• Strategies that students can use to improve their comprehension skills and score higher marks.

If your child struggles with comprehension (especially inference, elaboration and deduction) then this is for you.

Here’s a summary of some of the tips I share:

  • Be involved in your child’s learning, especially with regards to their reading. Let them read to you as often as possible.

  • Read in short bursts rather than forcing your child to read for long periods. It’s better to read little and often than not at all.

  • Read a wide variety of texts including poetry, biographies, newspapers and age-appropriate magazines/comics.

  • Incorporate your child’s passions, interests and hobbies into their reading - make it fun.

  • Be strategic about approaching exam questions so that your child can maximise their scores (I talk about this in a bit of depth so it’s worth listening to hear the tips shared).

I hope the audio is useful and if you have any questions or comments, please click on the comment box below and share them.

Here’s to your child’s success!

Victoria, The Tutoress.

3 Ways To Help Your Child Improve Their Comprehension Skills

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Many parents complain that their child struggles with comprehension.

Perhaps it’s because they struggle to understand the text, or perhaps it’s because they find it difficult to figure out what the question is asking of them.

Whatever the reason, there are things that you can do to help your child improve their ability to read and understand even the most complex of texts.

Here are five of our favourite comprehension boosting tips:

Create an environment of literacy in the home.

This is a piece of advice given by the wonderful Dr Kathryn Weston and it’s one that’s stayed in my mind for a long time.

What does it mean?

Well, many parents completely dismiss literacy at home and often prioritise Maths and Sciences because English is often deemed a less important subject. And then, all of a sudden they realise that their child actually needs to have strong English skills because literacy is assessed throughout a child’s education. Such parents then frantically begin hunting for an English Tutor and panic because there isn’t much time to help their child improve their comprehension skills.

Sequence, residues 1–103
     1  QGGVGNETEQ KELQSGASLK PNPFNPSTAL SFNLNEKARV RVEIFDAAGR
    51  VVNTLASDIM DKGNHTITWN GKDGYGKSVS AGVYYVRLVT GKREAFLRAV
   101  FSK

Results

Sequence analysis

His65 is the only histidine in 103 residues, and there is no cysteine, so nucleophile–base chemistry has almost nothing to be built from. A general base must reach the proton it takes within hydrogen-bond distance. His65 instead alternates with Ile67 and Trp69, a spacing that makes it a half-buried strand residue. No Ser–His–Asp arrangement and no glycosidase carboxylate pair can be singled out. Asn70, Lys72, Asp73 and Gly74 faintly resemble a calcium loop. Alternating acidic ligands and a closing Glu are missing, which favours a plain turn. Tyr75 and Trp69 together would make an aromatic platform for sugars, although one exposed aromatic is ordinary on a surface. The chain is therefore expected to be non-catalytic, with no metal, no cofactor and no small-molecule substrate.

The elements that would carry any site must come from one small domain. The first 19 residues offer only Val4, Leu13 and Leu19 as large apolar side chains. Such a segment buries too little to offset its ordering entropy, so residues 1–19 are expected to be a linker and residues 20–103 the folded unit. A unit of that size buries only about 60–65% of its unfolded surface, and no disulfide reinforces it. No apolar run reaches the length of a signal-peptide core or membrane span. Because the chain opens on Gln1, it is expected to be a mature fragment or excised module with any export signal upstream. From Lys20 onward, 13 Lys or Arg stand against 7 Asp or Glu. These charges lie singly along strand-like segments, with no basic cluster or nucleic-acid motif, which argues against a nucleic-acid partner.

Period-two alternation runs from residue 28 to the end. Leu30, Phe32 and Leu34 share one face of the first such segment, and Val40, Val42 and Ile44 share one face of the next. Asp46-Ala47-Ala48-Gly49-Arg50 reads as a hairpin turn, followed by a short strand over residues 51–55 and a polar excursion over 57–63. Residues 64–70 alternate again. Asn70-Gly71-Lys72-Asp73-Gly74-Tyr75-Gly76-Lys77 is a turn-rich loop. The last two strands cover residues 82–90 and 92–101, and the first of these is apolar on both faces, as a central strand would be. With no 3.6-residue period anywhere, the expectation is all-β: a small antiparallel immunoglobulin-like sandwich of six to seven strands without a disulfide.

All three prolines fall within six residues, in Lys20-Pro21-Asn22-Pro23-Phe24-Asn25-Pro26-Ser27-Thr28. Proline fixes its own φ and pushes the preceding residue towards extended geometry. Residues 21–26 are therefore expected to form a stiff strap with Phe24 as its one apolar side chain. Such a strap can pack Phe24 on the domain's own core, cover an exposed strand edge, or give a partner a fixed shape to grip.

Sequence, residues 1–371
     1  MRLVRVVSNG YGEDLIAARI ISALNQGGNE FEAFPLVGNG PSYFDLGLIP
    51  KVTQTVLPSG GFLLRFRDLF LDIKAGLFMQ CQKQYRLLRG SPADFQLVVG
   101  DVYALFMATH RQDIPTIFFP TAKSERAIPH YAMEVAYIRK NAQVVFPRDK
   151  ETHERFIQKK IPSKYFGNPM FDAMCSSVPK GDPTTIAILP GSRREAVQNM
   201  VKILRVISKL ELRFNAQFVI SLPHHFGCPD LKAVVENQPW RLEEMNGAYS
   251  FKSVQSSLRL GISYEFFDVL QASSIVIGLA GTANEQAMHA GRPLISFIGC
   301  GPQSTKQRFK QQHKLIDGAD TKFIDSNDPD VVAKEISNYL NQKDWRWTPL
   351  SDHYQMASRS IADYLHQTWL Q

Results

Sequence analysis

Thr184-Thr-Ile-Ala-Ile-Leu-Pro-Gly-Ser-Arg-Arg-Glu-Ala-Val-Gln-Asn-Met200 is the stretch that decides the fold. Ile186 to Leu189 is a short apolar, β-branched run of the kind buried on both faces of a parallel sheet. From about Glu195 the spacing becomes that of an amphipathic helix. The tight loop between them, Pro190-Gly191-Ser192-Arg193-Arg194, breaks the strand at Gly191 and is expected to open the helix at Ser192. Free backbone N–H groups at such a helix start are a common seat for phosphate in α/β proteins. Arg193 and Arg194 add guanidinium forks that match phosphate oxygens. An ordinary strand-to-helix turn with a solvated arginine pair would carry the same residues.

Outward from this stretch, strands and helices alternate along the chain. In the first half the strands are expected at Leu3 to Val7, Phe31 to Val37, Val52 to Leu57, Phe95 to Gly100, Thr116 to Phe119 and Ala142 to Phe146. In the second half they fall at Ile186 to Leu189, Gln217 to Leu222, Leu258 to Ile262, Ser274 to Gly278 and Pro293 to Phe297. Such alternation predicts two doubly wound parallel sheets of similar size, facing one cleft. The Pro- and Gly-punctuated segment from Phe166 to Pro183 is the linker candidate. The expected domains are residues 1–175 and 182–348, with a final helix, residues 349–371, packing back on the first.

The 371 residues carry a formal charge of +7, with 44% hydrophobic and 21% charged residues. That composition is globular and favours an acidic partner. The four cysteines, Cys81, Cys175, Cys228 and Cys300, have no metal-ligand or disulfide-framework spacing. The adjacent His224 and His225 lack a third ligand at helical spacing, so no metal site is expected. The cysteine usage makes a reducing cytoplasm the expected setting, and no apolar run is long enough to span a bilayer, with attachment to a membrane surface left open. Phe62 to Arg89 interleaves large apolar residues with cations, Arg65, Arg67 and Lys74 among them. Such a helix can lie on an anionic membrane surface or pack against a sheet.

Instead of doing this, you can create an environment of literacy in the home by doing some of the following:

  • Reading to your child at night.

  • Asking your child to read to you for 10 minutes each day.

  • Using vocabulary flash cards during meal times so that you can create table topics around them.

  • Asking them to re-write some of the stories they’ve read recently and read them aloud to friends and family.

By doing this, your child begins to understand how important it is to build strong English skills especially with regards to comprehension.

Encourage them to read a variety of classic and modern texts.

It’s so easy to encourage your child to stick with the usual “fun” books such as Diary of a Wimpy Kid but such books don’t necessarily encourage much creative thinking or help a child develop their deduction or inference skills. By encouraging your child to read a variety of texts, you’ll be helping them to create the skills needed to make studying comprehension much less difficult.

Use 10-minute boosters.

We love the CGP and Bond 10-Minute series of books because they enable children to improve their comprehension skills in such a short space of time. It’s therefore worth purchasing some of these books and gradually working through the books with them. Start by going through the books together, discuss the passages and then eventually encourage your child to complete the comprehension papers on their own. It takes just 10 minutes and it’s so worthwhile.

So, there you have it. Three of our favourite tips for improving comprehension skills.

If your child needs additional help with comprehension, consider purchasing our online course which enables students to study at their own pace. Click here to learn more.